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a solar future for Australia? « Previous | |Next »
February 1, 2009

Muriel Watt and Iain MacGill speak truth to power in The Age when they observe that Australian Governments have been and are far more focused on trying to retain and expand Australia's fossil-fuel energy industries than on supporting the sustainable energy industries of the future:

We have huge solar energy potential, our coal-dominated electricity industry is among the most greenhouse intensive in the world, yet we are half-hearted about adopting the former and spend a great deal of effort bolstering up the latter.In an increasing number of other countries, solar technologies provide power for homes, offices, farms and factories.The rest of the world is embracing the very solar inventions stemming from Australian research to enable them to secure 21st-century industries and jobs, while Australia clings to its fossil-fuel past.

The global PV industry has been growing at 30-50 per cent a year in the past decade. Billions of dollars are being invested in solar technologies internationally with hundreds of manufacturing facilities being established in countries as diverse as Norway, Germany, Spain, Japan, the US, China, Taiwan, Korea, Malaysia and Singapore. These plants are employing hundreds of thousands of people, and helping deliver a more sustainable energy future.

This is what Australia has turned its back on.

| Posted by Gary Sauer-Thompson at 9:13 PM | | Comments (6)


Australian Governments are not serious about change--shifting to a low carbon economy.

I guess that it could be argued that Labor's emissions trading scheme has been deliberately toned down to take into account an economy in recession. Hence the generous compensation for industry and the relatively low aspiration to cut greenhouse gas emissions by 2020 by between 5 and 15 per cent.

For those who are already opposed to an emissions trading, the global financial crisis has proved handy ammunition.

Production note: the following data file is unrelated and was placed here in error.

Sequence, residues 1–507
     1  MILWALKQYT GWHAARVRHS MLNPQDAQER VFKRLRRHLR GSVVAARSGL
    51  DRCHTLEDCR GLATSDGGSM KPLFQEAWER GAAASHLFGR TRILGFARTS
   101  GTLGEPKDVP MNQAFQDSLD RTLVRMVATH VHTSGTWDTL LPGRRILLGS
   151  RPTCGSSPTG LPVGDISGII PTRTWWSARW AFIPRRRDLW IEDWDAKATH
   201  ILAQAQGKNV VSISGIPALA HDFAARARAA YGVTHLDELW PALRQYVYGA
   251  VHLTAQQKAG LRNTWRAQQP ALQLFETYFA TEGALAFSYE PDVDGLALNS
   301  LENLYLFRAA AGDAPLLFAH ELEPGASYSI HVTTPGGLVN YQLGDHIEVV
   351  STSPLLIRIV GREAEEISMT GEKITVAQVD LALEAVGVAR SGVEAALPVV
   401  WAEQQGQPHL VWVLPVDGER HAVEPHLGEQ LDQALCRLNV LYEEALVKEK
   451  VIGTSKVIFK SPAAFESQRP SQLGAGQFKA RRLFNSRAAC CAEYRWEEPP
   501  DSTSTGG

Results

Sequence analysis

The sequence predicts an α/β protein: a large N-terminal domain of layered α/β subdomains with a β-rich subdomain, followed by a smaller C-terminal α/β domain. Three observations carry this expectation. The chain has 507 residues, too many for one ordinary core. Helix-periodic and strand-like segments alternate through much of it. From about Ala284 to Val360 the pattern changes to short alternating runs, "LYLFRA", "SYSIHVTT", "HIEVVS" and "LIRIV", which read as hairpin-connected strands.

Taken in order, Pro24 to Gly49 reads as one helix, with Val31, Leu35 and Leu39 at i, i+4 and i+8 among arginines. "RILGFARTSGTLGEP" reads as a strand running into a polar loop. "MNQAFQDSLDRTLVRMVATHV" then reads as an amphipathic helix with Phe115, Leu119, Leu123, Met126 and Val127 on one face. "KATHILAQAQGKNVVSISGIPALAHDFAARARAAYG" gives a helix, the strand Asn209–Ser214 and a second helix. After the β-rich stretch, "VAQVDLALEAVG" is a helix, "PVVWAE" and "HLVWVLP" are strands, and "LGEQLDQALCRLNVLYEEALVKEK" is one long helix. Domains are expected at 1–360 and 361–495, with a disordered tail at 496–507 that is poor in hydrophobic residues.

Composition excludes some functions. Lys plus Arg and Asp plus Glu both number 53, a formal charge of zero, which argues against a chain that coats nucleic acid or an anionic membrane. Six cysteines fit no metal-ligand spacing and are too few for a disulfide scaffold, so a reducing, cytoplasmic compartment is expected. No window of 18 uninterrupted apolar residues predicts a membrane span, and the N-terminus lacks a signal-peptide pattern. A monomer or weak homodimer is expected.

Living in Adelaide where the electricity is turned off due to extreme heat (alongside the global financial crisis), it seems inconceivable that the government does not provide stimulus to the economy by subsidising the installation of solar panels and other initiatives to reduce our dependence on fossil fuels.
The loss of jobs in the coal industry could be offset by an invigorated manufacturing industry dedicated to renewable energy.
The global financial crisis should not be used as an excuse to not forge ahead toward a green future. In fact, this is the perfect excuse to embrace it even more.

I'm just as puzzled as you. Instead of helping households invest in solar panels to reduce our dependence on fossil fuels we have a moral discourse that air conditioners are bad and should be turned off. Air-conditioners are seen as equivalent to large plasma TVs, not as necessary and which can be run by solar power on rooftops.

Yet Australians are already dying from climate change. No matter. Shovel more money to the polluters.

its depressing isn't it. The government is meant to protect the interests of the people in a climate change scenario of a hotter world , but it has instead protected the interests of the big polluters.